A: Both of my parents taught us to give back to your community in some way that works for you. My father, Orien Pass, was more traditional and gave to the Salvation Army in Clay County and was active in Rotary projects. My mom, Delores Kesler, initially engaged me in philanthropy because she was passionate about access to higher education. She instilled a sense that philanthropy, in any form, was an expectation. That personal philosophy, transferred to my business philosophy. It became part of our company’s annual employee review process and entrenched in our mission. It didn’t particularly matter to me where members of our team chose to engage in our communities, just that they were engaged. In my experience, I feel the person who is giving usually gets more out of the process than the person who is receiving.

I try to model a giving nature and concern for our community to my family by my day-to-day action, and through what they see and hear me working on. My daughter, Olivia, has been known to say I work at Wolfson Children’s Hospital, so I guess I am not doing so well at the work/life/balance thing! But I have found that just day-to-day life, the less formal actions have a greater impact on family than the formal, orchestrated big events.

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Q: Describe an opportunity where an organization effectively engaged with you.
A: The best way for any organization to engage me is to show me how my involvement can make a real difference. That involvement may be through a tough conversation, such as discussions on an organization’s long-term viability. It could also be that the organization needs help connecting people they can learn from or can work together to leverage their resources. I’m not afraid to roll up my sleeves and work hard, but I want to know my involvement and input is serving a strategic purpose.

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Q: In the last decade, what philanthropic investment have you made that you are most proud of?
A: I’m particularly proud of the work accomplished with Wolfson Children’s Hospital and on The Community Foundation for Northeast Florida’s Programs and Initiatives (P&I) Committee of the Board of Trustees. I joined the Wolfson Children’s Hospital Board of Trustees in 2003 and became Board Chair beginning in 2009. During that time, they were transitioning to new leadership. I had the opportunity to dig into what is involved in delivering good quality healthcare to children & families in our region. There has been much to focus on between community outreach and engagement, strengthening the Board with new members, and navigating through financial budget cuts by the State.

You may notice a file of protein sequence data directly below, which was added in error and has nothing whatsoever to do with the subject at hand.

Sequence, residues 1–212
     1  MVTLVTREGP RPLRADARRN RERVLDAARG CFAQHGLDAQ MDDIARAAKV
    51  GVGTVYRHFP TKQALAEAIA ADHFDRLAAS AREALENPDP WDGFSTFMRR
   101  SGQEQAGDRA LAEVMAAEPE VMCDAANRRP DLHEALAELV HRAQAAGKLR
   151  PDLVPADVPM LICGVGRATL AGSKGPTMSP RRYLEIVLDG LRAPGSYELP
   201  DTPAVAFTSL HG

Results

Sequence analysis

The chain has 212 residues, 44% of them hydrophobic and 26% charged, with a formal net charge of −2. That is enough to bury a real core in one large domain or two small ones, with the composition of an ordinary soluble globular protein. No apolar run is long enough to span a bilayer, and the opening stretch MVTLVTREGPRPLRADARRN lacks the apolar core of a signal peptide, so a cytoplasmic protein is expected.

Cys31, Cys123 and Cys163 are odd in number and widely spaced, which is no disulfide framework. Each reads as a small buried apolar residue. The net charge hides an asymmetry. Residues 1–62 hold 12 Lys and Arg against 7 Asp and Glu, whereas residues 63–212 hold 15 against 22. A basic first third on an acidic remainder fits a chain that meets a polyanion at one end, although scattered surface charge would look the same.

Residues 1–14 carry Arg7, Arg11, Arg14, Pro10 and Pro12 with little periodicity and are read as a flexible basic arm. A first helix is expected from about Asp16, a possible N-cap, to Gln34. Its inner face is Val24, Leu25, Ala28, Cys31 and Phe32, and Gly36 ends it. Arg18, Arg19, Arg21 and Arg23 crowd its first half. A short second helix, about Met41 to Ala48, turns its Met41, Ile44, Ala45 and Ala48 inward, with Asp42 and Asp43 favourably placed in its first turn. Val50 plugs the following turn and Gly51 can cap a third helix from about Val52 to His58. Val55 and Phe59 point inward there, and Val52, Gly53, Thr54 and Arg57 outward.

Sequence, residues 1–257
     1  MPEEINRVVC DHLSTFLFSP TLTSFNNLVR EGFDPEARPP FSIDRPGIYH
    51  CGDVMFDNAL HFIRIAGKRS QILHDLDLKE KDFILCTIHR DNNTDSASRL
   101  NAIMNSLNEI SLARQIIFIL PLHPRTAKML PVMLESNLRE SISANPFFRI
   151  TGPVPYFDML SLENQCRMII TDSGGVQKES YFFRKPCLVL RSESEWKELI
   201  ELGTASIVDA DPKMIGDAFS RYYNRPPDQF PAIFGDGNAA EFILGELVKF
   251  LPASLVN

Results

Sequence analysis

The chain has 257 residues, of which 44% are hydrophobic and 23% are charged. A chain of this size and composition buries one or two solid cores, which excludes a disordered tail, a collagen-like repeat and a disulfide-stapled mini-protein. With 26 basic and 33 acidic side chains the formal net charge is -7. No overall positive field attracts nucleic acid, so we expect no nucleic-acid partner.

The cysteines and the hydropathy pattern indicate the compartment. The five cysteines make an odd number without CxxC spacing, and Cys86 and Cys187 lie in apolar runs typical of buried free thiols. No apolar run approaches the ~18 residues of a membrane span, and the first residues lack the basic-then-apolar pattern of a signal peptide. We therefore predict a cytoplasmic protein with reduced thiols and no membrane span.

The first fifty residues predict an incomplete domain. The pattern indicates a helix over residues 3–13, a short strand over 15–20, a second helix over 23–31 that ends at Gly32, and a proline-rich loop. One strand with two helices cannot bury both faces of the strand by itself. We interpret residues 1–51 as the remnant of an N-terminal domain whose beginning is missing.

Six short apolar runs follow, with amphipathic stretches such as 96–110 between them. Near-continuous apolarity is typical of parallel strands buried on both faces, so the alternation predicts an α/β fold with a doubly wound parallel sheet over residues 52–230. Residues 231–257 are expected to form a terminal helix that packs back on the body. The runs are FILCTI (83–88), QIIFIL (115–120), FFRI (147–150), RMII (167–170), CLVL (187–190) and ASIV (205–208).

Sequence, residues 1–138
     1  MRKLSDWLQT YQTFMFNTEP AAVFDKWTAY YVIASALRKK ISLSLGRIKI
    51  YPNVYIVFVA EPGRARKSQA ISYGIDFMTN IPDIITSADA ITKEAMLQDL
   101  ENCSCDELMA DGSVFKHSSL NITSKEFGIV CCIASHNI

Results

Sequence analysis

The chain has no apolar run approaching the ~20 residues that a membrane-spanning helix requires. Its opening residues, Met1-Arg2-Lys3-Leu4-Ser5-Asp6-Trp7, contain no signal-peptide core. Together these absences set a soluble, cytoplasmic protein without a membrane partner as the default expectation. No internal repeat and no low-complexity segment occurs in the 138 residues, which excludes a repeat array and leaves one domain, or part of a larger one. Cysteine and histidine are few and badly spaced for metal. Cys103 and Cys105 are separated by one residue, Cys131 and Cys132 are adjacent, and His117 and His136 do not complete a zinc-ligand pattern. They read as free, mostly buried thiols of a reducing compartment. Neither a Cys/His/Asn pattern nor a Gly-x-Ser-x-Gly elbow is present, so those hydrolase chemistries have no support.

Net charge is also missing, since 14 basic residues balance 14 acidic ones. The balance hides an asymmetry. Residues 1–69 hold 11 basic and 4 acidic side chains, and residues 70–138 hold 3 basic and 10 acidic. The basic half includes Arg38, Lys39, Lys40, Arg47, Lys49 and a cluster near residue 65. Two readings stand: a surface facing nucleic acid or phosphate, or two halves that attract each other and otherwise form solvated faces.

When I chaired TCF’s P&I Committee, I worked closely with Kathleen Shaw and a small group of committee members that delved deep to create a more efficient grants process. It was a complete overhaul, changing from an “old-school” grants process to a more streamlined, updated approach. It made a huge difference for grantees and the Trustees and is still the process the Committee follows.

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Q: How do you decide when your philanthropic investments have been successful?
A: I think an investment is successful if we learned something from what we did. Some of the most successful outcomes are in projects that don’t turn out like we expected. We dig in and learn from the experience. Did we not do enough research before we started? Did we not have clear expectations? Clear accountability? And then how can we use this going forward?

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Q: You are an alumna of the first Weaver Philanthropic Initiative class and recently welcomed another alumnus, Ryan Schwartz, into the role of Chairman of the Board of Trustees at TCF. Do you have any observations about WPI’s role in philanthropic leadership?
A: There is a common experience and understanding of engaging in open and honest feedback with one another that WPI Alumni can tap into. We share an understanding of the history, and even terminology, that today’s philanthropy is built upon. For example, we understand the difference between “charity” and “philanthropy.” Plus, we understand that philanthropy is personal and looks different to each person and that is a good thing.